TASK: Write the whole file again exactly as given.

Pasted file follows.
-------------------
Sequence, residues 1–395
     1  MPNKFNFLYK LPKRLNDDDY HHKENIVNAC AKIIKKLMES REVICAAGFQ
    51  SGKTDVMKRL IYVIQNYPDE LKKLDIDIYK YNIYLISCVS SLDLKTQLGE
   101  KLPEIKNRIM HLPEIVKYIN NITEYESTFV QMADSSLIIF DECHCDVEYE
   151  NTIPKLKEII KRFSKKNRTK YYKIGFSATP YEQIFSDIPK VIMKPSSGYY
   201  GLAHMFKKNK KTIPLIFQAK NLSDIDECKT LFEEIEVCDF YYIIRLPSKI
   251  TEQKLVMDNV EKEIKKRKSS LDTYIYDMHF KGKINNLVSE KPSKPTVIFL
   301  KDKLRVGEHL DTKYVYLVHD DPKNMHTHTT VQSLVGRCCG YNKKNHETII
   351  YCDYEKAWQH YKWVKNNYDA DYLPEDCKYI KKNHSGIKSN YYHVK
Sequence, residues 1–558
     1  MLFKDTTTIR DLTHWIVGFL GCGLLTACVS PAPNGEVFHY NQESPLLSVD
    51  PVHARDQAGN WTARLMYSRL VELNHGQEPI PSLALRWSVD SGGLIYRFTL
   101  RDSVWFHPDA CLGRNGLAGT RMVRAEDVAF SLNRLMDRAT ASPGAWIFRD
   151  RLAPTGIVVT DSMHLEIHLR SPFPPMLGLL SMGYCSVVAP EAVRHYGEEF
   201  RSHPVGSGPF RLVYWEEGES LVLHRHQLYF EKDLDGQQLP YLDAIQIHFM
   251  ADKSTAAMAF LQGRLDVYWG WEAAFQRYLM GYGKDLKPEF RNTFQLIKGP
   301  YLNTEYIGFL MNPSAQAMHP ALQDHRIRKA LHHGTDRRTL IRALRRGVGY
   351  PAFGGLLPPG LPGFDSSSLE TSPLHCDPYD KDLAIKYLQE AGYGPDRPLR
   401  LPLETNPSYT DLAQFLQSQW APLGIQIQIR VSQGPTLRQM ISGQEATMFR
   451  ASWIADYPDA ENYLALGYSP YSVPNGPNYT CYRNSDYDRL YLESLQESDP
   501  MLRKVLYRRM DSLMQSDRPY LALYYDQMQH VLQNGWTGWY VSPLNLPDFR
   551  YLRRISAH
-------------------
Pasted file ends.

Sequence, residues 1–395
     1  MPNKFNFLYK LPKRLNDDDY HHKENIVNAC AKIIKKLMES REVICAAGFQ
    51  SGKTDVMKRL IYVIQNYPDE LKKLDIDIYK YNIYLISCVS SLDLKTQLGE
   101  KLPEIKNRIM HLPEIVKYIN NITEYESTFV QMADSSLIIF DECHCDVEYE
   151  NTIPKLKEII KRFSKKNRTK YYKIGFSATP YEQIFSDIPK VIMKPSSGYY
   201  GLAHMFKKNK KTIPLIFQAK NLSDIDECKT LFEEIEVCDF YYIIRLPSKI
   251  TEQKLVMDNV EKEIKKRKSS LDTYIYDMHF KGKINNLVSE KPSKPTVIFL
   301  KDKLRVGEHL DTKYVYLVHD DPKNMHTHTT VQSLVGRCCG YNKKNHETII
   351  YCDYEKAWQH YKWVKNNYDA DYLPEDCKYI KKNHSGIKSN YYHVK
Sequence, residues 1–558
     1  MLFKDTTTIR DLTHWIVGFL GCGLLTACVS PAPNGEVFHY NQESPLLSVD
    51  PVHARDQAGN WTARLMYSRL VELNHGQEPI PSLALRWSVD SGGLIYRFTL
   101  RDSVWFHPDA CLGRNGLAGT RMVRAEDVAF SLNRLMDRAT ASPGAWIFRD
   151  RLAPTGIVVT DSMHLEIHLR SPFPPMLGLL SMGYCSVVAP EAVRHYGEEF
   201  RSHPVGSGPF RLVYWEEGES LVLHRHQLYF EKDLDGQQLP YLDAIQIHFM
   251  ADKSTAAMAF LQGRLDVYWG WEAAFQRYLM GYGKDLKPEF RNTFQLIKGP
   301  YLNTEYIGFL MNPSAQAMHP ALQDHRIRKA LHHGTDRRTL IRALRRGVGY
   351  PAFGGLLPPG LPGFDSSSLE TSPLHCDPYD KDLAIKYLQE AGYGPDRPLR
   401  LPLETNPSYT DLAQFLQSQW APLGIQIQIR VSQGPTLRQM ISGQEATMFR
   451  ASWIADYPDA ENYLALGYSP YSVPNGPNYT CYRNSDYDRL YLESLQESDP
   501  MLRKVLYRRM DSLMQSDRPY LALYYDQMQH VLQNGWTGWY VSPLNLPDFR
   551  YLRRISAH